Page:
Move over, Dropbox: How to share iCloud folders in iOS 13.4

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colored notebooks
Some folders, which could totally be shared.
Photo: Laika Notebooks/Unsplash

In iOS 13.4, you can share iCloud folders with other people for the first time. You’ve long been able to share a single file via iCloud, but now you can share folders, so all the people sharing can drop files in there. Just like Dropbox has done since, like, forever.

This new capability, which arrived Tuesday in iOS 13.4 and macOS Catalina 10.15.4, will finally let people ditch Dropbox and go all-in on iCloud. Let’s see how it works.

iCloud shared folders

Sharing an iCloud folder is easy. On iOS, all you do is long-press the folder and tap the Share button, like you do whenever you share anything else. Then, you pick Add People from the list. That looks like this:

Share iCloud folders from the share sheet.
Share iCloud folders from the share sheet.
Photo: Cult of Mac

Tap that, and you see this:

Choose how to share the link to an iCloud shared folder.
Choose how to share the link.
Photo: Cult of Mac

This is where you share the link with people. You can do it any way you like — email, iMessage, etc. If you use iMessage, the recipient gets a nice icon of the folder in their message thread. To join the shared folder, they just have to tap or click it, depending on whether they’re on iOS or a Mac.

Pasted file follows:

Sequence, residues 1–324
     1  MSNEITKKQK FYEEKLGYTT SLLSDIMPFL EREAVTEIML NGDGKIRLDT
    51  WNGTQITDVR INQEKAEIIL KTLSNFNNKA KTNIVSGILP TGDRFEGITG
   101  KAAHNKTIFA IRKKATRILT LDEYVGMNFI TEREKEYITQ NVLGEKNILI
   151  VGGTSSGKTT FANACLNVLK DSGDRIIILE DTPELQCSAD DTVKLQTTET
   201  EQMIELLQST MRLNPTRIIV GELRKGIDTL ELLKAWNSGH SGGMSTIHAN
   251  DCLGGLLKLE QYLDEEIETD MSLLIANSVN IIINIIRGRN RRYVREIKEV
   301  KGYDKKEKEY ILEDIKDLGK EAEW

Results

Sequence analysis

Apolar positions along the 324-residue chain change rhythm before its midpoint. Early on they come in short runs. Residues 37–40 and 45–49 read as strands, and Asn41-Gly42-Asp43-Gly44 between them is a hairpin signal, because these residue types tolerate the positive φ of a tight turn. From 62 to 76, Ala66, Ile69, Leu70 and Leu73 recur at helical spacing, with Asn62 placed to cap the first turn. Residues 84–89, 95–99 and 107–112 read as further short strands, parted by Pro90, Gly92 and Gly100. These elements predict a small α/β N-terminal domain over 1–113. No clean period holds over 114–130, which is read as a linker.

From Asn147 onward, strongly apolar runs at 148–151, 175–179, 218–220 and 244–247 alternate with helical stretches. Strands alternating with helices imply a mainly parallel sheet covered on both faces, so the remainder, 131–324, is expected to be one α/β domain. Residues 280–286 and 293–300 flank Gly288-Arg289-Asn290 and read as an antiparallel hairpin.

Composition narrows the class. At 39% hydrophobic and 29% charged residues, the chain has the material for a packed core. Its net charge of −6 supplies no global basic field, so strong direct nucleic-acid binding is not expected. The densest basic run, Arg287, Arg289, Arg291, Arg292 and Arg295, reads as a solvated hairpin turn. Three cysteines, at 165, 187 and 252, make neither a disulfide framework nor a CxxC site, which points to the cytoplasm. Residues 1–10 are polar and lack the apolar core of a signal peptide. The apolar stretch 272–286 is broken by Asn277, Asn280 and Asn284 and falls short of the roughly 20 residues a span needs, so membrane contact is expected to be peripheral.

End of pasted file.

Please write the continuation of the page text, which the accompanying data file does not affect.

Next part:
A shared iCloud folder gets a special icon.
A shared folder gets a special icon.
Photo: Cult of Mac

Share an iCloud Drive folder from Mac

The procedure for doing this on the Mac is the same, only you do it in the Finder. Click on any iCloud folder you want to share, then click the Share button. (Either use the button in the Finder window’s toolbar, or right-click the file and choose Share from the contextual menu.)

Share an iCloud Folder from the Mac Finder.
Share an iCloud Folder from the Finder.
Photo: Cult of Mac

Then, choose how to share the link, as with iOS.

Workaround for older Macs

One interesting tip is that you don’t have to be running macOS Catalina to access these shared folders. You only need it to set one up. So, say you have an old Mac that only runs macOS High Sierra, but you have a nice new iPhone 11 running iOS 13.4. If you create the shared folder on your iPhone, then it will just show up as a regular iCloud folder on your Mac. You can add items and remove them, as normal. And because you also can share a folder using the iCloud.com website, you may even be able to do this without an iPhone.

This is a pretty great workaround.

Dropbox still offers some advantages over iCloud sharing. It keeps a Time Machine-like history of the revisions you make to your files, for example. But for people with simpler needs, or folks who just don’t like the Dropbox app running on their Mac, iCloud Drive can finally take its place.